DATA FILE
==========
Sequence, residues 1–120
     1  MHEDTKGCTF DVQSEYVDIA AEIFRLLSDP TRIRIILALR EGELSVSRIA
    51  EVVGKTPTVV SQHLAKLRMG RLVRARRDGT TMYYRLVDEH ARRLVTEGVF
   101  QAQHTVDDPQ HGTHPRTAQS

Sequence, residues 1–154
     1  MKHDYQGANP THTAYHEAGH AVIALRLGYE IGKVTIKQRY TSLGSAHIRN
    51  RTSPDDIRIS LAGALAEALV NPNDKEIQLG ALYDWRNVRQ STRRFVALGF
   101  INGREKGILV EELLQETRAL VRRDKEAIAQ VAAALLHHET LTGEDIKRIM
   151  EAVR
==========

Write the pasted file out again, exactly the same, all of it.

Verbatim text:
Sequence, residues 1–120
     1  MHEDTKGCTF DVQSEYVDIA AEIFRLLSDP TRIRIILALR EGELSVSRIA
    51  EVVGKTPTVV SQHLAKLRMG RLVRARRDGT TMYYRLVDEH ARRLVTEGVF
   101  QAQHTVDDPQ HGTHPRTAQS

Sequence, residues 1–154
     1  MKHDYQGANP THTAYHEAGH AVIALRLGYE IGKVTIKQRY TSLGSAHIRN
    51  RTSPDDIRIS LAGALAEALV NPNDKEIQLG ALYDWRNVRQ STRRFVALGF
   101  INGREKGILV EELLQETRAL VRRDKEAIAQ VAAALLHHET LTGEDIKRIM
   151  EAVR